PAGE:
The United States should resume Johnson & Johnson COVID-19 vaccinations, an expert panel recommended to health authorities on Friday, after a pause prompted by blood clot concerns.
Health authorities in the United States on April 14 proposed a halt on the vaccine following instances of severe blood clots out of millions of Americans who received the vaccine.
The panel 10 to 4 in favor of recommended lifting the pause, but the head of the Centers for Disease Control and Prevention (CDC) Rochelle Walensky will make the final decision.
"The Janssen COVID-19 vaccine is recommended for persons 18 years of age and older in the US population under the FDA, emergency use authorization," the experts convened by the CDC said.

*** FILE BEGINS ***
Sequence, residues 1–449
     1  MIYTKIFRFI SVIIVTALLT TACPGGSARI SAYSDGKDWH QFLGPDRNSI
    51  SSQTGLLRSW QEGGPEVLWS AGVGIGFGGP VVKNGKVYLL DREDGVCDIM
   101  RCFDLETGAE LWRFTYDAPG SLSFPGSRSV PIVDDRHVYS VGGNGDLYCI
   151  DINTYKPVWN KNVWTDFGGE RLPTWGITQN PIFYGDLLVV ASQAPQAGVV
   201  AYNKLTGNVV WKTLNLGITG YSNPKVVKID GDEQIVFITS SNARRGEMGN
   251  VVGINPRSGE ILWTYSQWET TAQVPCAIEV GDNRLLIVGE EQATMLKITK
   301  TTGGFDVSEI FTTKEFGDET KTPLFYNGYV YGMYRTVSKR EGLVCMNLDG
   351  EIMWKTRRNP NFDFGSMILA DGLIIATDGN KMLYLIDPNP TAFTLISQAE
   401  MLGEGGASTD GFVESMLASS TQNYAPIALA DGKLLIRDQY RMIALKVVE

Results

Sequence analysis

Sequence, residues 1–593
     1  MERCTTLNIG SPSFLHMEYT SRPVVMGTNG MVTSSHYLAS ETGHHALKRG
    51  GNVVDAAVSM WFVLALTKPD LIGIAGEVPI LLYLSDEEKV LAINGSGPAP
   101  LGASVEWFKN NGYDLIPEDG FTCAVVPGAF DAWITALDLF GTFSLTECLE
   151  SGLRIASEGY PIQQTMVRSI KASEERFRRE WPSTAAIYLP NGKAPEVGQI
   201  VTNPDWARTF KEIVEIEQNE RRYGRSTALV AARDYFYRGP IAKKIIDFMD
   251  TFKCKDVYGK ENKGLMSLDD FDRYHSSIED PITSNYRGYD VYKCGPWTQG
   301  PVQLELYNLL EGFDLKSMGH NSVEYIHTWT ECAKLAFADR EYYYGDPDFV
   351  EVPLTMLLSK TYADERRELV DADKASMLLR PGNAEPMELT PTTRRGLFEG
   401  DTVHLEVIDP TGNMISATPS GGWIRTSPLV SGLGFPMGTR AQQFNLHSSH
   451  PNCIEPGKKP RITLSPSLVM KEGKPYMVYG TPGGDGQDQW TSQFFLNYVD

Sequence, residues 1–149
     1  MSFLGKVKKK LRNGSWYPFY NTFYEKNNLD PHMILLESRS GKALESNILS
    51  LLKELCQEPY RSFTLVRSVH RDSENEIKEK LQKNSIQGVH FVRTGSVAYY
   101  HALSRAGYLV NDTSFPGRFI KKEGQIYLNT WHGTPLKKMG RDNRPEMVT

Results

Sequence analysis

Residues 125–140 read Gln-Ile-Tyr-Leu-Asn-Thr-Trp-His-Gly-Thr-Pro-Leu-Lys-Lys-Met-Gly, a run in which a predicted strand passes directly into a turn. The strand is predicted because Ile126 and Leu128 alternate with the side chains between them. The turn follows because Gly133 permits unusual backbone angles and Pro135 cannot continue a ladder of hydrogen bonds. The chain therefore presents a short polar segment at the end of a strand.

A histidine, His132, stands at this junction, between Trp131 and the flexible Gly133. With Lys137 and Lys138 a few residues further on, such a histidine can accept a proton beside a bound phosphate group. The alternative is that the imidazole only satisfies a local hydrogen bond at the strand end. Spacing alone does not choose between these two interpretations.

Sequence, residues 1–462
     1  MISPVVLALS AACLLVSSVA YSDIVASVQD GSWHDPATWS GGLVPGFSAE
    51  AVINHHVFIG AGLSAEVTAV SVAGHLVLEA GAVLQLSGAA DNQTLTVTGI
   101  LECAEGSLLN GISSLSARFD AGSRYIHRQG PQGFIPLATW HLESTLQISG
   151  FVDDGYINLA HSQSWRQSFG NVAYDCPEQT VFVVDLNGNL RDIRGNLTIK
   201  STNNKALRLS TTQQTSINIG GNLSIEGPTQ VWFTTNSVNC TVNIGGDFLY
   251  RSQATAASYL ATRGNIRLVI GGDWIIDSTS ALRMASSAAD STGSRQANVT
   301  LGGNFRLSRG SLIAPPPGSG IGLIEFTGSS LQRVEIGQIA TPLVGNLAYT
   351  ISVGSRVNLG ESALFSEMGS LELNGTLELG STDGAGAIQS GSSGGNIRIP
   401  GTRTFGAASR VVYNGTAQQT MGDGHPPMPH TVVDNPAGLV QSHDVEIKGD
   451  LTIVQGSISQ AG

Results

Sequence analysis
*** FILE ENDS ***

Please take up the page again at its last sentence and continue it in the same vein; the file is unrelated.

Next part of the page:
According to data presented Friday, of 3.9 million women who got the Johnson & Johnson shot, 15 developed serious blood clots and 3 died.
The majority of the confirmed cases, 13 of the 15, was less than 50 years old. There were no reported cases among men.
Europe's medicines regulator said Tuesday that blood clots should be listed as a "very rare" side effect of Johnson & Johnson's coronavirus vaccine.
The regulator said its safety committee "concluded that a warning about unusual blood clots with low blood platelets should be added to the product information" for the J&J shot.